Free exchange: An on-off relationship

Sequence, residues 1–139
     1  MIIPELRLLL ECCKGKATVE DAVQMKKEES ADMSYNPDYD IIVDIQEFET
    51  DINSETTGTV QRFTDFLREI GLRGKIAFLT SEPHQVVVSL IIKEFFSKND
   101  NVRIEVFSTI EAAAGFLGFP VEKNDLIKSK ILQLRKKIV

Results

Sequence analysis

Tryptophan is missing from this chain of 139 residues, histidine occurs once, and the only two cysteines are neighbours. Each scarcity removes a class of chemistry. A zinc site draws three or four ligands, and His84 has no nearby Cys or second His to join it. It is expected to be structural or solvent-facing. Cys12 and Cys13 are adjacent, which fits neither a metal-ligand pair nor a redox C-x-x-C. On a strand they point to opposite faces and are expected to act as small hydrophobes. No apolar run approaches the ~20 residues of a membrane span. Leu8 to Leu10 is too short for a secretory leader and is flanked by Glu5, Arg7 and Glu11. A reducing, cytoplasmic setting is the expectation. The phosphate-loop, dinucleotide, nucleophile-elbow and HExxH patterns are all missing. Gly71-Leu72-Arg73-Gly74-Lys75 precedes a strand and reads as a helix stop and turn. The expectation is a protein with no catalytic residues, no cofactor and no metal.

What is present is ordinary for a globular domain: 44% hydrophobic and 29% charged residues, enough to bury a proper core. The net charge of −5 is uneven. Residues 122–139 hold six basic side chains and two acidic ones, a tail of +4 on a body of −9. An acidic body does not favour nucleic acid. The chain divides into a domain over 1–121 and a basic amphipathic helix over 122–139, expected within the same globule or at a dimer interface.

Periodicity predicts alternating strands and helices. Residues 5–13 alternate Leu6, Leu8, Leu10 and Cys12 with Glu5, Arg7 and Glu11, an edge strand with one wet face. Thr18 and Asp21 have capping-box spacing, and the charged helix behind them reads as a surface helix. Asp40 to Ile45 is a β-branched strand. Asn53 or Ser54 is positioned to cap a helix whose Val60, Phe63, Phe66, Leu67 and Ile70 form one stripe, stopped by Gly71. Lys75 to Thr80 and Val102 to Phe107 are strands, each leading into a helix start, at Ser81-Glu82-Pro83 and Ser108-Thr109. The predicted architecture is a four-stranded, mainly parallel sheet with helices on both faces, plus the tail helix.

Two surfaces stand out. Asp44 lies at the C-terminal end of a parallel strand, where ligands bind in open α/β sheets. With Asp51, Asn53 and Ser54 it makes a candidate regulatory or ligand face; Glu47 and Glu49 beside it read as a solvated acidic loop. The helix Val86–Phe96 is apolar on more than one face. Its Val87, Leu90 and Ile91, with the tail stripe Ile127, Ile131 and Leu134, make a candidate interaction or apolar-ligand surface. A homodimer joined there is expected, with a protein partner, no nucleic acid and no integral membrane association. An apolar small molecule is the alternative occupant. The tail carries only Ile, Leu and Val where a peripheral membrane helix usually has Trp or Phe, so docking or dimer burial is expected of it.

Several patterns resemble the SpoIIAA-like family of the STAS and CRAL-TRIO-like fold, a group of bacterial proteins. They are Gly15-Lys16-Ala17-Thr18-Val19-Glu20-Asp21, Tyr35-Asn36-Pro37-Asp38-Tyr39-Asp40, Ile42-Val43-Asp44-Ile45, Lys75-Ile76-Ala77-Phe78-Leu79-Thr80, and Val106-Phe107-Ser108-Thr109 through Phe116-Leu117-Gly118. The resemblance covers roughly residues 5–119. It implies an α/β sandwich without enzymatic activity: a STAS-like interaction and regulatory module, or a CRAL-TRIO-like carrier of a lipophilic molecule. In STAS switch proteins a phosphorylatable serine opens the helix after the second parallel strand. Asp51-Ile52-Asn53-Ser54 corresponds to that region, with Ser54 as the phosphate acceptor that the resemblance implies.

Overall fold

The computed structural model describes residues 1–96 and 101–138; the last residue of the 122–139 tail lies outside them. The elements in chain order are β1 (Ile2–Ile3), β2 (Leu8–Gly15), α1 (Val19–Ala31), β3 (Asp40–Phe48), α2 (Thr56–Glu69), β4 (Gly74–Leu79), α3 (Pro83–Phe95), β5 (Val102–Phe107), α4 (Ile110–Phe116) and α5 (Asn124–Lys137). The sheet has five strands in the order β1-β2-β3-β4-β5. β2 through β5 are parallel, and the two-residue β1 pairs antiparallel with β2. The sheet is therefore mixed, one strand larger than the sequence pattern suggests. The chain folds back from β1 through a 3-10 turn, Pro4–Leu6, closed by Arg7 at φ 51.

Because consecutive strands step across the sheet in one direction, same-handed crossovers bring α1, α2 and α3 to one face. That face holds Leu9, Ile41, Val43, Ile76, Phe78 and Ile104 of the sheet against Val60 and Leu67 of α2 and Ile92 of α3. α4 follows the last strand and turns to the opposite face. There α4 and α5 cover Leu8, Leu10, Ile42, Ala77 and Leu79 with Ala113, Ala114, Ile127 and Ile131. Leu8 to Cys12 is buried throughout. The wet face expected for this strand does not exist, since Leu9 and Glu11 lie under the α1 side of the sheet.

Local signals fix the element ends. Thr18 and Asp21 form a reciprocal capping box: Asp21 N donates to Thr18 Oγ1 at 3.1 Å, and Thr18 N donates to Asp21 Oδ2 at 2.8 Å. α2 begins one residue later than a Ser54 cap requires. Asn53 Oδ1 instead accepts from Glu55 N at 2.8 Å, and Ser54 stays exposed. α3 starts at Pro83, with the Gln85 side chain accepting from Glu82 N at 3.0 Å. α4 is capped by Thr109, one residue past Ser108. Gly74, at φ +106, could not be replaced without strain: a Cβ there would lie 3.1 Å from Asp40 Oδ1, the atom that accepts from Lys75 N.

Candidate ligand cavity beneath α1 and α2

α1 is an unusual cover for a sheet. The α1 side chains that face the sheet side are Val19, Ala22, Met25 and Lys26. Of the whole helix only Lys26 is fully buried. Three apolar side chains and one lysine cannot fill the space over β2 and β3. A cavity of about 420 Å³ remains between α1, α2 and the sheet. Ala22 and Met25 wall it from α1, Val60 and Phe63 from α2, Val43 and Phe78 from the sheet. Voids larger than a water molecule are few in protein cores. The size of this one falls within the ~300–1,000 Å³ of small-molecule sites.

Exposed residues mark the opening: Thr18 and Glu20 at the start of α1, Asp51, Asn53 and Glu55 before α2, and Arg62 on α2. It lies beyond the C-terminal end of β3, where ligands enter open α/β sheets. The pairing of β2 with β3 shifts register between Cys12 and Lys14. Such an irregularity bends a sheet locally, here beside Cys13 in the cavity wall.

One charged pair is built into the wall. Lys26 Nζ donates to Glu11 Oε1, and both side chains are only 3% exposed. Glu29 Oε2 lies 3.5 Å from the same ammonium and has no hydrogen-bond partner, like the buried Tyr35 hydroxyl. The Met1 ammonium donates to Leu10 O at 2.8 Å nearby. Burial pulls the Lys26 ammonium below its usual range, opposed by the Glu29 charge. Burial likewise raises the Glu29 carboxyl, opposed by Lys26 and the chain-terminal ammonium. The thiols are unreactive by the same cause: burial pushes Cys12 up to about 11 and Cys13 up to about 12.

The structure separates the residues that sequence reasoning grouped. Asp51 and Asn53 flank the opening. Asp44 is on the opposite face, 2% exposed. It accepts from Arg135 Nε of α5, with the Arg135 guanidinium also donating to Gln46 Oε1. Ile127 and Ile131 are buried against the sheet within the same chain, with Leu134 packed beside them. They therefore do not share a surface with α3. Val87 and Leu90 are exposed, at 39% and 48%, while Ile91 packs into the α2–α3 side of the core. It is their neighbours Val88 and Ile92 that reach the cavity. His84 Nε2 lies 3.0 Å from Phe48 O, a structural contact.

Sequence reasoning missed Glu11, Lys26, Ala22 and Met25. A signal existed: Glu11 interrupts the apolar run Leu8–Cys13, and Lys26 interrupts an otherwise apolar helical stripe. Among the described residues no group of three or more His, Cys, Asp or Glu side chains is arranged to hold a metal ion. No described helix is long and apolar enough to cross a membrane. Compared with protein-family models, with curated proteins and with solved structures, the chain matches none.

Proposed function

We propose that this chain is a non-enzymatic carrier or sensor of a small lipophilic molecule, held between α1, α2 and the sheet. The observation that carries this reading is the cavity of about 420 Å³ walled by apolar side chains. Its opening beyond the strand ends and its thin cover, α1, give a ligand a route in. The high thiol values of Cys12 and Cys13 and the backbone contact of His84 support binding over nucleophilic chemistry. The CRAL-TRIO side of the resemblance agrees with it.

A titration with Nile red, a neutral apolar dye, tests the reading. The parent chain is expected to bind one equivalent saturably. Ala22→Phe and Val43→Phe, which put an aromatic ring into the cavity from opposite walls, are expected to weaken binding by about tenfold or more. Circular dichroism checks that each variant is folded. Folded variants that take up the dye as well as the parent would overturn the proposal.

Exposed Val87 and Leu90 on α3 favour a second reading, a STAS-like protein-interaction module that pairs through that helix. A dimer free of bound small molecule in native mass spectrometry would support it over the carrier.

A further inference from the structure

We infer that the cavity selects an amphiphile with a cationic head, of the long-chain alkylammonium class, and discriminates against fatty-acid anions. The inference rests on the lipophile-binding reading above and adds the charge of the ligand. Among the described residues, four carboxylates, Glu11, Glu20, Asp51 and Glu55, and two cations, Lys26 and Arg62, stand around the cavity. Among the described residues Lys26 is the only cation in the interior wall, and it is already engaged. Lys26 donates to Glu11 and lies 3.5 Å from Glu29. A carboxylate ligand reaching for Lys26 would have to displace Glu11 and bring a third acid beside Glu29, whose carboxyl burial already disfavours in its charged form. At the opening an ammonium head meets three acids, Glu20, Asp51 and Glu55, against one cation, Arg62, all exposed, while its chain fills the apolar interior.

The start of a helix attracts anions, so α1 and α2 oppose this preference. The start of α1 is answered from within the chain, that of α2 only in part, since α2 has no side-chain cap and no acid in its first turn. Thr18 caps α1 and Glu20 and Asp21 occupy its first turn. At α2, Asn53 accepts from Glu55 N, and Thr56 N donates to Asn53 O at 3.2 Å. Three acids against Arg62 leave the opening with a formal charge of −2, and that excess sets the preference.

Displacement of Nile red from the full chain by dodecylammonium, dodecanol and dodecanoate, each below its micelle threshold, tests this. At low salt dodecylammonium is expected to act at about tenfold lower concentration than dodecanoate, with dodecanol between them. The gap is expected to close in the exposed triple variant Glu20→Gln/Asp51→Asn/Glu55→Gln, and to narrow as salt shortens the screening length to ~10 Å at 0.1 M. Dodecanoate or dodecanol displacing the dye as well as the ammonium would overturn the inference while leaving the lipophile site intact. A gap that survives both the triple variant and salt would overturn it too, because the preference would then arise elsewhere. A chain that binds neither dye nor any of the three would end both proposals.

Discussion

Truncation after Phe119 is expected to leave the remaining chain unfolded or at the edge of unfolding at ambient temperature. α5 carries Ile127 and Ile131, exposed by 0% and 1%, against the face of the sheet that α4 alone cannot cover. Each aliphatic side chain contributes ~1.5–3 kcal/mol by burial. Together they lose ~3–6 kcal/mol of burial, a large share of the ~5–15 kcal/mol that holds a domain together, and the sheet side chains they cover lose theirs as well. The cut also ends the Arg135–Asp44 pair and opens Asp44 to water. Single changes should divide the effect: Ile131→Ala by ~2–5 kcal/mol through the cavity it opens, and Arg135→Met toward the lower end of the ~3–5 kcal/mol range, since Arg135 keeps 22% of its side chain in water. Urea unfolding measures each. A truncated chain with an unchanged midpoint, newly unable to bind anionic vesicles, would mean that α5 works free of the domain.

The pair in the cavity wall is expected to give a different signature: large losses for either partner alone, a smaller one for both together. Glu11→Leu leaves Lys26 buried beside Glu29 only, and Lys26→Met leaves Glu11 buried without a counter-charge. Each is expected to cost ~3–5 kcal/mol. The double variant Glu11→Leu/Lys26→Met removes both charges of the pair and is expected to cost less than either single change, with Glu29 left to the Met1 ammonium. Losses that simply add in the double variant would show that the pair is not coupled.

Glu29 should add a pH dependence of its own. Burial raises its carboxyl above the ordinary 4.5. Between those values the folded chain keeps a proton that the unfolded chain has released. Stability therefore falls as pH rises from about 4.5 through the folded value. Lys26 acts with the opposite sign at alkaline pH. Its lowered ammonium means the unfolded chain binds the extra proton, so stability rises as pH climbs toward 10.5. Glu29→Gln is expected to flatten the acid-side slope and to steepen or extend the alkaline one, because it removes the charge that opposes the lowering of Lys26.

CAPITAL controls are back in the spotlight, this time on Europe’s northern flanks. To the east, many expect Russia, battered by oil’s plunge, to impose limits on currency conversions to halt the rouble’s fall. To the west, Iceland, at last turning the corner after a painful financial crisis, is planning to ease restrictions that have stopped cash from leaving the island since 2008.That the pros and cons of capital controls can be calmly discussed is progress. Until a couple of years ago, they were the bastard children of economic policy. Guardians of the established order refused to acknowledge their usefulness. But used they were, particularly in emerging markets. Then, in 2012, the once-unthinkable happened: the International Monetary Fund bestowed its blessing on them “under certain circumstances”.What the appropriate circumstances are, however, remains a matter of dispute. Orthodox economics holds that capital controls are usually harmful to growth, because, much like barriers to trade, they breed inefficiency: those with excess cash cannot lend it to those who could use it best. But crises in Mexico and Asia in the 1990s made clear that a sudden…

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